Commemoration of Ljubelj liberation calls for peace and end to evil
Ljubelj – A ceremony marking the 77th anniversary of the liberation of the Ljubelj concentration camp noted the importance of recalling horrible events in the past to prevent new horrors of war. Speakers at Saturday’s ceremony urged efforts to prevent the spread of evil and called for peace in light of the war in Ukraine.
The keynote speaker, Anica Mikuš Kos, head of the Slovenian Philanthropy humanitarian organisation, pointed out that the horrors of the concentration camps could ignite vigilance and a rapid response to developments that can again lead to mass suffering.
“I’m here as a person who is reacting to a great evil and warning against the proliferation of evil in the social fabric of our time, calling for active resistance against the weavers of evil who weave among us threads of humiliation, of hatred towards those who are different or different-minded,” she said.
Mikuš Kos said there were various ways to oppose evil, including by making sure that those inciting hatred are not in positions of power and by drawing attention to injustices.
She warned of the danger that in a democracy, “in the name of tolerance, of open opportunities for all, including for those who deliberately incite hatred among people, we overlook or fail to respond to a looming danger because we naively think that democracy provides us with safety from social developments that lead to mass suffering”.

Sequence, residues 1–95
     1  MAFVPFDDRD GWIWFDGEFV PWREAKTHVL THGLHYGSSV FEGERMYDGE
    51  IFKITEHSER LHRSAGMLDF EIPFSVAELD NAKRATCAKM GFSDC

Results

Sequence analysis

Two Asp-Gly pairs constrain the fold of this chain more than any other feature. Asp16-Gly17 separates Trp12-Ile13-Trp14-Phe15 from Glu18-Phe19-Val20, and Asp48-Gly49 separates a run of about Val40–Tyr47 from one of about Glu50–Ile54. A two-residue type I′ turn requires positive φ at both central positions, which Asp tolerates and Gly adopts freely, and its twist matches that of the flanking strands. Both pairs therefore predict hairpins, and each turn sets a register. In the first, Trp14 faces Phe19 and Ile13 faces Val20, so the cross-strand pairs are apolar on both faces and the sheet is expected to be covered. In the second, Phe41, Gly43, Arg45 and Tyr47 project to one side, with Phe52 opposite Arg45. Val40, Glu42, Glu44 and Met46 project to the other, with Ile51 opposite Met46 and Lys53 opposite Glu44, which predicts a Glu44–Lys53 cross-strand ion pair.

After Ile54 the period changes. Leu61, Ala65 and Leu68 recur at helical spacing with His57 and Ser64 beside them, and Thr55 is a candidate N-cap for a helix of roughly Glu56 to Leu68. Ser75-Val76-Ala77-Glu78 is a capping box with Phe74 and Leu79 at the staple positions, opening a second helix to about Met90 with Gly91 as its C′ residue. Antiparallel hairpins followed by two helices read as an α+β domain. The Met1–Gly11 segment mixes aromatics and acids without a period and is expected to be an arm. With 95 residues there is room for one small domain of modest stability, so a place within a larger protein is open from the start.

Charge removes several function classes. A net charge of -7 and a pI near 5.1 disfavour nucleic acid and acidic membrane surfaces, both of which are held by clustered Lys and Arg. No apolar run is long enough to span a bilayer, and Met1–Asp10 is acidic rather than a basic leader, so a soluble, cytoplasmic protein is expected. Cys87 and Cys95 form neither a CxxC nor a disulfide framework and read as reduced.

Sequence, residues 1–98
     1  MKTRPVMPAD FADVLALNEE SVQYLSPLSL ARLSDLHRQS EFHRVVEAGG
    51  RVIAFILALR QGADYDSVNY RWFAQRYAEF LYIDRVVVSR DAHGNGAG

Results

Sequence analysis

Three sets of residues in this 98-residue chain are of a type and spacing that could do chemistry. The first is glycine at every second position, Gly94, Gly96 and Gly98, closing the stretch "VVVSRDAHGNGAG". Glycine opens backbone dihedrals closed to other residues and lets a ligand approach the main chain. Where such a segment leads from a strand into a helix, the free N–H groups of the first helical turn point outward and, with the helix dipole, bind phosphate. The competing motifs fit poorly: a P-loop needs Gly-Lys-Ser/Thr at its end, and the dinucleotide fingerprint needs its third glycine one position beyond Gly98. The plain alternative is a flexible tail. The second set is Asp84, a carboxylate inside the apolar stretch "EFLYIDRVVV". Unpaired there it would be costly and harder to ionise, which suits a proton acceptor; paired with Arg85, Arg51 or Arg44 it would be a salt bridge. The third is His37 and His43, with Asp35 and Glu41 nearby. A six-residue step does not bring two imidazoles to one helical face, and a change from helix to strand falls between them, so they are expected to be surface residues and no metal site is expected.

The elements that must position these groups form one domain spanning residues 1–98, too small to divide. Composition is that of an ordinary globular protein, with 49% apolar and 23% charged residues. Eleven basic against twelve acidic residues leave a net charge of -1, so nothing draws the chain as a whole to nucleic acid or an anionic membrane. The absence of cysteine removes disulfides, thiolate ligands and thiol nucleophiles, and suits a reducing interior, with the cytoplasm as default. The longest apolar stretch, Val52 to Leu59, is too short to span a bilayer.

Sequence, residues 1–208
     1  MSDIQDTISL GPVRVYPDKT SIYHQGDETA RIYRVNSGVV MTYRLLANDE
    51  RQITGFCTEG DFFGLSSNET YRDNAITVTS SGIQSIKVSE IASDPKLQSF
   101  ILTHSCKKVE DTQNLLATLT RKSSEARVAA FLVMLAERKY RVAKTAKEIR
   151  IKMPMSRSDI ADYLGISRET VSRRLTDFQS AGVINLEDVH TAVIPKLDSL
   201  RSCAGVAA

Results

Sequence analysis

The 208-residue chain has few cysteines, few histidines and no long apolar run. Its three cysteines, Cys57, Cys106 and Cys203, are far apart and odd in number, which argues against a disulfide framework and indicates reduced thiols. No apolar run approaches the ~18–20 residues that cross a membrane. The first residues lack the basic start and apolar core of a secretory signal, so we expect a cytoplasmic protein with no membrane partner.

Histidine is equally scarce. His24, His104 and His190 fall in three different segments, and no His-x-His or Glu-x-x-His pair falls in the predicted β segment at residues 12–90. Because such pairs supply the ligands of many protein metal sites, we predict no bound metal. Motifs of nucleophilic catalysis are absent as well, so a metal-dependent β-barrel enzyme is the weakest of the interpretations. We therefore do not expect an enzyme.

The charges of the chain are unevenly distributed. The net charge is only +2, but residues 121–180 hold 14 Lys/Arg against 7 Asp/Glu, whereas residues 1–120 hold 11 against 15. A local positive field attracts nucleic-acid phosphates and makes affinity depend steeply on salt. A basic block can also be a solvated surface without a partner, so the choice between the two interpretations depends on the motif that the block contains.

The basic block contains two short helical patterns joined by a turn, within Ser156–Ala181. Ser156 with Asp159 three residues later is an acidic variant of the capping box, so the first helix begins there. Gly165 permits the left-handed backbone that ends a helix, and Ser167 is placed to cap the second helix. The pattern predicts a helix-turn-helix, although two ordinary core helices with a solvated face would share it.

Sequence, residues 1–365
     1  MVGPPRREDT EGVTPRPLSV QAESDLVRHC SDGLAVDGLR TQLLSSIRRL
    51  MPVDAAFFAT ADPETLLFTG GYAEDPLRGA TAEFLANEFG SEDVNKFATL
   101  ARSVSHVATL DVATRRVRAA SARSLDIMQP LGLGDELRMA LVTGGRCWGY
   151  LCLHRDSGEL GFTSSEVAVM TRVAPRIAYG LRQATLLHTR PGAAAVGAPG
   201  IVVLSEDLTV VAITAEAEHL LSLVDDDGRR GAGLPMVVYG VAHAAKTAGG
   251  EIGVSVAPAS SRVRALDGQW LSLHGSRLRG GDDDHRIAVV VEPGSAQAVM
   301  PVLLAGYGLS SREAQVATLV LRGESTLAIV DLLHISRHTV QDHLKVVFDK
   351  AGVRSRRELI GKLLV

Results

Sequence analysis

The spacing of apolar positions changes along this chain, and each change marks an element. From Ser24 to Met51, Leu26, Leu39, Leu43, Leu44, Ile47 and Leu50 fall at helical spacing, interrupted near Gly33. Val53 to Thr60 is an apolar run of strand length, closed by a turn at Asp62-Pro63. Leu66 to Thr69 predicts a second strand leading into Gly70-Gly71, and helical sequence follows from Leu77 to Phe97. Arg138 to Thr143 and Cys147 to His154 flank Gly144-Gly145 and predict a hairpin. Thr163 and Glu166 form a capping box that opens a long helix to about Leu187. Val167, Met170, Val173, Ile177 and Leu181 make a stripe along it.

Another speaker, Herman Janež, who was speaking on behalf of the Coordination Committee of War Victims of the ZZB NOB Slovenije, Slovenia’s WWII veteran organisation, noted that, unfortunately, the war in Ukraine showed that history is not remembered at all.
“And this in 2022, when we expected that certain civilisational norms had been reached,” he added.
The Ljubelj camp, a branch of the Mauthausen concentration camp and the only such WWII camp in the Slovenian lands, included some 2,000 prisoners of 13 European nationalities who were forced to build the nearby Ljubelj Pass.
Poles were the most numerous ethnic group of prisoners at Ljubelj, alongside the French, so the event was also addressed by Polish Ambassador to Slovenia Krzysztof Olendzki.
The ambassador noted: “When we look back at Auschwitz, at Mauthausen, where the Germans murdered the elite of the Polish nation, and at Ljubelj, we repeat: War never again, genocide never again.”
That is why, he said, people must speak today and every day about the Russian invasion of Ukraine. It is a crime, and not only an armed attack on a peaceful and sovereign European country, but also an attack on European values, he said.
“In the name of the victims of the Third Reich who were abused here, we must support the citizens of Ukraine in their struggle for dignity, freedom and democracy,” he added.
The event at the Ljubelj Memorial Park was also addressed by Daniel Simon, president of the French association of Mauthausen prisoners, and Dušan Bodlaj, interim mayor of the Tržič municipality.
Before the ceremony, delegations from the municipality, ZZB NOB Slovenije and a number of embassies laid wreaths at the J’Accuse memorial. The Slovenian Armed Forces Guard laid a wreath on behalf of President Borut Pahor.
The ceremony was attended, among others, by parliamentary Speaker Urška Klakočar Zupančič, Defence Minister Marjan Šarec and Public Administration Minister Sanja Ajanović Hovnik.
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